When the schedule first came out this upcoming game jumped out as a potential trap for the 49ers. Playing on Monday night with a short week to prepare followed by a cross country flight and 10am start looked like a daunting task. The only reason to shrug that off was the opponent was the Jacksonville Jaguars. That all changed when Jacksonville was able to take down the Buffalo Bills two weeks ago.

The 49ers have shown themselves to be quite mediocre if they don’t play their best, and that’s what it will take for them to defeat the Jaguars. This Sunday will tell us a lot about the character of the 2021 San Francisco 49ers.


The short answer to this question is no.

Kyle Shanahan builds packages into every game plan for Trey Lance, but unless the 49ers offense is failing to move the ball it’s unlikely that we will see him inserted into the game.

The 49er’s coaching staff has continued to develop Lance throughout the season, and when the time comes to take over, I believe the learning curve will be a little shorter than we’ve seen from this season’s rookie class. However, that likely won’t happen until San Francisco is eliminated from playoff contention.

While these are both areas the 49ers should look to improve this offseason, San Francisco rarely uses the post-June 1 designation when releasing players. The reason for this due to how post-June 1 cuts hit the books.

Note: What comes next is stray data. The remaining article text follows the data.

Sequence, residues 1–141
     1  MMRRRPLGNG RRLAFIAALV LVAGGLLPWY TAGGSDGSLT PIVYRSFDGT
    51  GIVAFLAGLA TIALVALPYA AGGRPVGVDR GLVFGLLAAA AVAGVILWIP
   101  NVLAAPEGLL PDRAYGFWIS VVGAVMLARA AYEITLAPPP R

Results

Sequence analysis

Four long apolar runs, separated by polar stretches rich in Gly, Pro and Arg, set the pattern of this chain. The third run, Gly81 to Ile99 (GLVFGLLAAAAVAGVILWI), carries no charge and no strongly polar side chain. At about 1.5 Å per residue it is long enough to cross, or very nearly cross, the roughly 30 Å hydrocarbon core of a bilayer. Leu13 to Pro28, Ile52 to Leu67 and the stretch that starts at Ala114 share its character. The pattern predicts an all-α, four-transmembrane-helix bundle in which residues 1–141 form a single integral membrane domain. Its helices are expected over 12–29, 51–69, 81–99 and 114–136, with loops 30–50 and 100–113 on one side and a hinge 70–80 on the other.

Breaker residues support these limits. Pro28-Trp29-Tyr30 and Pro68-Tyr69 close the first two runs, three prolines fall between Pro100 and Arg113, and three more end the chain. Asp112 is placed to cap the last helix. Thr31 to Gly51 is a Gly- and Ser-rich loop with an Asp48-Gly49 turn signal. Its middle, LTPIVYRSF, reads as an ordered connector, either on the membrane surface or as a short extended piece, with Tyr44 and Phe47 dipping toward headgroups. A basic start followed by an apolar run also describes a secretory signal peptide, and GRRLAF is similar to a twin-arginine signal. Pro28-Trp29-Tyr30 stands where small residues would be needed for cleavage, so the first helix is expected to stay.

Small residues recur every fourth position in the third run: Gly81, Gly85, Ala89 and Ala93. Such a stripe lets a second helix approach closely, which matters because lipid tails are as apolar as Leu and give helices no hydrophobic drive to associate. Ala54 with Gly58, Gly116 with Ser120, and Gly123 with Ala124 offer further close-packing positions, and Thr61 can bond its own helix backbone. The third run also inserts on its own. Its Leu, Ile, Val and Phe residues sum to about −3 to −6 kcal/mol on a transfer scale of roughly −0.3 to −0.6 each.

Basically, in this scenario the dead cap hit is cut in half and prorated over two years instead of only hitting the one.
Of the two players, the one that could potentially be replaced is Samson Ebukam. His dead cap is much lower than that of Dee Ford, and San Francisco typically tries to hold on to players to try and get something out of them instead of having them eat cap space and not be in their building.

In addition, the savings of this move wouldn’t be enough to lure a difference maker at either cornerback or along the defensive front. Those players have begun to bring in salaries not too far off that of franchise quarterbacks.

Hold on to the football!

The 49ers offense has shown the ability to go up and down the field on every defense that it has faced this season. The problem has been they’ve shot themselves in the foot with interceptions and fumbles.

Look at the losses and these are prominent.

Against Green Bay you have the backwards pass from Jimmy Garoppolo that resulted in three points for the Packers which ultimately allowed another Mason Crosby field goal as time expired to steal the win.